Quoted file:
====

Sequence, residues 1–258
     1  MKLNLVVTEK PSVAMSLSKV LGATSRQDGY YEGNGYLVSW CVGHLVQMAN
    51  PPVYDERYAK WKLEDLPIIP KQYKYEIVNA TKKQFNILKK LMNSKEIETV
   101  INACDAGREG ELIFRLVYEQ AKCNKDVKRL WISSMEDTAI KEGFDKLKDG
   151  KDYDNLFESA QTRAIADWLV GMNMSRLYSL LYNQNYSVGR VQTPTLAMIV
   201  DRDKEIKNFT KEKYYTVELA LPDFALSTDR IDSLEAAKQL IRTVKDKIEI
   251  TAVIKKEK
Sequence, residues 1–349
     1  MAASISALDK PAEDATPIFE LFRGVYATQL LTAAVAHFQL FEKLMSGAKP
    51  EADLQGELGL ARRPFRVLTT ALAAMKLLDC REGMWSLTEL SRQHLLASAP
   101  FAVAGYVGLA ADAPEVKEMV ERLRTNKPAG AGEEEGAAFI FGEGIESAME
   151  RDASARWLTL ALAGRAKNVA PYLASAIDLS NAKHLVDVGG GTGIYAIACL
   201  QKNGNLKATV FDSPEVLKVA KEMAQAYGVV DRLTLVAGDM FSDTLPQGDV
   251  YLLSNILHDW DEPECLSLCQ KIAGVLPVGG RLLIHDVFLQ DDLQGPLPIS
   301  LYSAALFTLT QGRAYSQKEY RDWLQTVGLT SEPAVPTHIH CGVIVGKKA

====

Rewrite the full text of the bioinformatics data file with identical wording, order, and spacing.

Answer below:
Sequence, residues 1–258
     1  MKLNLVVTEK PSVAMSLSKV LGATSRQDGY YEGNGYLVSW CVGHLVQMAN
    51  PPVYDERYAK WKLEDLPIIP KQYKYEIVNA TKKQFNILKK LMNSKEIETV
   101  INACDAGREG ELIFRLVYEQ AKCNKDVKRL WISSMEDTAI KEGFDKLKDG
   151  KDYDNLFESA QTRAIADWLV GMNMSRLYSL LYNQNYSVGR VQTPTLAMIV
   201  DRDKEIKNFT KEKYYTVELA LPDFALSTDR IDSLEAAKQL IRTVKDKIEI
   251  TAVIKKEK
Sequence, residues 1–349
     1  MAASISALDK PAEDATPIFE LFRGVYATQL LTAAVAHFQL FEKLMSGAKP
    51  EADLQGELGL ARRPFRVLTT ALAAMKLLDC REGMWSLTEL SRQHLLASAP
   101  FAVAGYVGLA ADAPEVKEMV ERLRTNKPAG AGEEEGAAFI FGEGIESAME
   151  RDASARWLTL ALAGRAKNVA PYLASAIDLS NAKHLVDVGG GTGIYAIACL
   201  QKNGNLKATV FDSPEVLKVA KEMAQAYGVV DRLTLVAGDM FSDTLPQGDV
   251  YLLSNILHDW DEPECLSLCQ KIAGVLPVGG RLLIHDVFLQ DDLQGPLPIS
   301  LYSAALFTLT QGRAYSQKEY RDWLQTVGLT SEPAVPTHIH CGVIVGKKA